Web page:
Simpson’s goal in “Impossible Gifts: Bodies, Buddhism and Bioethics in Contemporary Sri Lanka” is to examine the Theravada Buddhist narrative of gamete and embryo donation in Sri Lankan society. He does this by contextualizing Theravada Buddhism in Sri Lanka. Then, Simpson discusses the history of eye and blood donation and what has made each type of donation effective/ineffective in Sri Lankan society. At the very end of his article, he discusses the future of gamete and embryo donation and potential obstacles to their acceptance.
Swasti Bhattacharyya structures her book by talking about the role of religion in bioethics from the point of view of academics, clinical situations, and public policy. Then she discusses the Mahabharata, a Hindu epic, and the passages within it that are relevant to discussions on reproduction and fertility. Next, she contrasts a variety of Hindu perspectives to those of Roman Catholicism. She pulls out six main themes in the Mahabharata that run throughout Hindu thought. Lastly, she ends the book by applying these six principles to a United States court case on the parenthood of Jaycee Buzzanca.
Even though he details multiple points of view of organ and tissue donors, Simpson does not mention much about those on the receiving end of the donation or their attitudes about donation. While the discussion on eye and blood donation is useful for applying similar principles to gamete and embryo donation, his argument would have been more effective if he spent more time elaborating on his reasoning behind the conclusions he makes and perhaps going beyond just sperm donation being difficult and egg donation being more likely to be accepted.
I thought it was interesting when Bhattacharyya was describing bioethicists in the United States as “operating more like philosophers, attempting to rely more on moral principles that they felt could plausibly claim to be universal, rational, and ‘secular’” (Bhattacharyya p 13). This is very reminiscent of the type of argument put forth by the Donum Vitae, as it attempted to ground itself in common human reasoning. By the end of the book, she calls for the inclusion of Hindu perspectives in bioethics in order to make the field more representative of the world it is trying to describe, instead of moving towards secular universal bioethics. She argues that the pluralistic nature of Hinduism could be applied to the field of bioethics to account for the complexities in life that academics sometimes try to minimize. It is unclear whether she means just the idea of pluralism in general that Hinduism is an example of or the specific beliefs and traditions of which Hinduism is a diverse group of.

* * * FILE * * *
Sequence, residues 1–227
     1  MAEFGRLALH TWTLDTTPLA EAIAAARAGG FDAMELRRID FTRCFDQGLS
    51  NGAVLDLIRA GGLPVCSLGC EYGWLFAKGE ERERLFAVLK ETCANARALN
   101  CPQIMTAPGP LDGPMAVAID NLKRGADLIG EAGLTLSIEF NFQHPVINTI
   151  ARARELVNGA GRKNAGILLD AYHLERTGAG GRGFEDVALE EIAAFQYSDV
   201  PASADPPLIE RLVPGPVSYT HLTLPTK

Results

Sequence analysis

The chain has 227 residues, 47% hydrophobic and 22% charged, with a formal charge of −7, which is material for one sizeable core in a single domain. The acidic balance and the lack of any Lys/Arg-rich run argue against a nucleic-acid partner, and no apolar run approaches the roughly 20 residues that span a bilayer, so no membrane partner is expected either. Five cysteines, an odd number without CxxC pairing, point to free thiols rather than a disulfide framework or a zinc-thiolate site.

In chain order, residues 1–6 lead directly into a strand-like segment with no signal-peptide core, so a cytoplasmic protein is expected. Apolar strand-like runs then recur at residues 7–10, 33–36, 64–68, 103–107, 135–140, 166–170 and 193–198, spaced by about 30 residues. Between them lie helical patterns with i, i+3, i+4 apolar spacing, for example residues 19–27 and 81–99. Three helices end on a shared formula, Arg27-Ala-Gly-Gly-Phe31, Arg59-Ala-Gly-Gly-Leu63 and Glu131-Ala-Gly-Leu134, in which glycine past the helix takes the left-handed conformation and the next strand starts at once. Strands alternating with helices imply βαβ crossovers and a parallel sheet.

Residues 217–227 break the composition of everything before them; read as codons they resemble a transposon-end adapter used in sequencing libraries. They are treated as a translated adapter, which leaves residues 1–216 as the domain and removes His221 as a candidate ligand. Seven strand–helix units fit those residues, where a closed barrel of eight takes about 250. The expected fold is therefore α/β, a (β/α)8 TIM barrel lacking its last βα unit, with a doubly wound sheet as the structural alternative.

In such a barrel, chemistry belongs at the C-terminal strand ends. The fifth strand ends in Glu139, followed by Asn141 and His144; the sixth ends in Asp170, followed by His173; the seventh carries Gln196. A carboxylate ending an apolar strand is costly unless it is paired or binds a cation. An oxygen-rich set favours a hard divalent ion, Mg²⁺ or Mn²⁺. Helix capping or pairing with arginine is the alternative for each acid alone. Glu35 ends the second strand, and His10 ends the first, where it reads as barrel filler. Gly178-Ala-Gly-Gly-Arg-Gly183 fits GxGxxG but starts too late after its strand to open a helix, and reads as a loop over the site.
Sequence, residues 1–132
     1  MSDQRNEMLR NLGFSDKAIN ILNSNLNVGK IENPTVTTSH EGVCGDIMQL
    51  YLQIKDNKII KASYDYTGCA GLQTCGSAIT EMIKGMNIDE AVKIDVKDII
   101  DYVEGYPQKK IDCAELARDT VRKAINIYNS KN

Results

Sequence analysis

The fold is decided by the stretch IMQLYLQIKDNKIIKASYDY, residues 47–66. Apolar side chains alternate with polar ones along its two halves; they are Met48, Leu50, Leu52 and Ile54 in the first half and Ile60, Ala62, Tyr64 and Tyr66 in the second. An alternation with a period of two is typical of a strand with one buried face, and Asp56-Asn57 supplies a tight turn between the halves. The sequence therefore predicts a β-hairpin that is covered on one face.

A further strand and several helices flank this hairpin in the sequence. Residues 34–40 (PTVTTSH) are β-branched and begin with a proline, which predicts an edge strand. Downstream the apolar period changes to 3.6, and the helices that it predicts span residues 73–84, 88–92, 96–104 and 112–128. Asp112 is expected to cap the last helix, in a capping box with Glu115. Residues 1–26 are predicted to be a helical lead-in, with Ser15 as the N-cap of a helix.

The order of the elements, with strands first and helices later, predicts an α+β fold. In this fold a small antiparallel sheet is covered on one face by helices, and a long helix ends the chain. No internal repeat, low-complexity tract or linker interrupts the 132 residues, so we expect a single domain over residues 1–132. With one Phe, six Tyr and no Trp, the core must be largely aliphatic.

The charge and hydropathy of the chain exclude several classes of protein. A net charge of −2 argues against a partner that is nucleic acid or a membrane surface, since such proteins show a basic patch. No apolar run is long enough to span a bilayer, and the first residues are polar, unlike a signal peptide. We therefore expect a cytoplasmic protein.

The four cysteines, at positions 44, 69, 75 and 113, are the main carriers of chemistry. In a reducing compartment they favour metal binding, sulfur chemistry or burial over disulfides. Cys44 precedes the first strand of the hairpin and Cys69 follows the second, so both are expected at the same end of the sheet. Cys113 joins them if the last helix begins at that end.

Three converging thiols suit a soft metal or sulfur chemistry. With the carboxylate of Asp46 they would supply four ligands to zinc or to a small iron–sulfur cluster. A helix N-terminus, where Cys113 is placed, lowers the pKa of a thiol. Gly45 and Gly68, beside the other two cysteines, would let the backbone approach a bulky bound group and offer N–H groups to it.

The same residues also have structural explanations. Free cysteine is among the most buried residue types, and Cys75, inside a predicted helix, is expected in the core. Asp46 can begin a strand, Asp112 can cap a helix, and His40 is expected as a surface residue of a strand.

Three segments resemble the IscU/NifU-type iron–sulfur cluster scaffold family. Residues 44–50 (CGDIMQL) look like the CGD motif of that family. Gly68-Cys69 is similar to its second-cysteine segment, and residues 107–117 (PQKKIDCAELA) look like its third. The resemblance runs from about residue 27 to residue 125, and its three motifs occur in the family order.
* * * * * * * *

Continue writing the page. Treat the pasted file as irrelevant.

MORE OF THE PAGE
Both authors construct their arguments by drawing together the work of previous scholars and researchers. This is unlike some of the other readings in this class that have been more ethnographically oriented. In both authors’ arguments, they draw the reader’s attention to significant texts and narratives in each religion and use those as models with which followers of each religion weigh their bioethical decisions regarding reproductive technology. While this does make their argument much clearer, it does leave some room for wondering about the accuracy of great texts such as the Mahabharata for daily life. Sometimes one’s actual values are not reflected in those works, so Bhattacharyya may be lacking some additional insight by only relying on the Mahabharata and other scholars.
To compare the two readings’ arguments specific for reproductive technology for this week, I will focus on gamete and embryo donation as that is specifically what Simpson focused on, and Bhattacharyya mentions it as well. Simpson claims that Buddhist attitudes are mostly against sperm donation because male infertility is stigmatized against, sperm is very valuable to Ayurvedic medicine, using donor sperm can be seen as adultery, and donating would be “not of pride but of shame (laejjakama)” due to masturbation (Simpson p 854). Egg donation would be more readily accepted because it fits with the King of Sina narrative of giving despite pain. Furthermore, there is less stigma against female infertility and could be seen as adoption. Hindu attitudes are relatively more positive towards sperm donation, perhaps because the Mahabharata resolves some of these issues that Simpson brings up. The practice of niyoga is allowed and addresses the threat of adultery, but women are opposed to it (as Satyavati’s daughter in laws were). Questions of who the child’s father can remain, but moral and social fatherhood is ultimately more important than biological fatherhood. The divine sperm bank presented to Kunti in the Mahabharata also circumvents the need to masturbate in order to donate sperm. Bhattacharyya does not explicitly focus on egg donation, as that might not have been present in the Mahabharata, but she does speak of adoption positively, in the context of Kunti adopting Madri’s two sons to raise as her own.
Last week during class, Dr. Seeman brought up the idea of each religion having a cost to the benefits of their beliefs. Based on the texts, what might be the cost vs. benefit discussion with regards to Hindu and Buddhist bioethics?
In Simpson’s article, he mentions how Ayurvedic medicine treats sperm as a high value substance that can have devastating effects on a person if they lose too much of it. How would you reconcile this with the divine sperm donation example in the Mahabharata?
Why did Bhattacharyya choose Jaycee Buzzanca as the singular case study she looked at and applied Hindu bioethics to?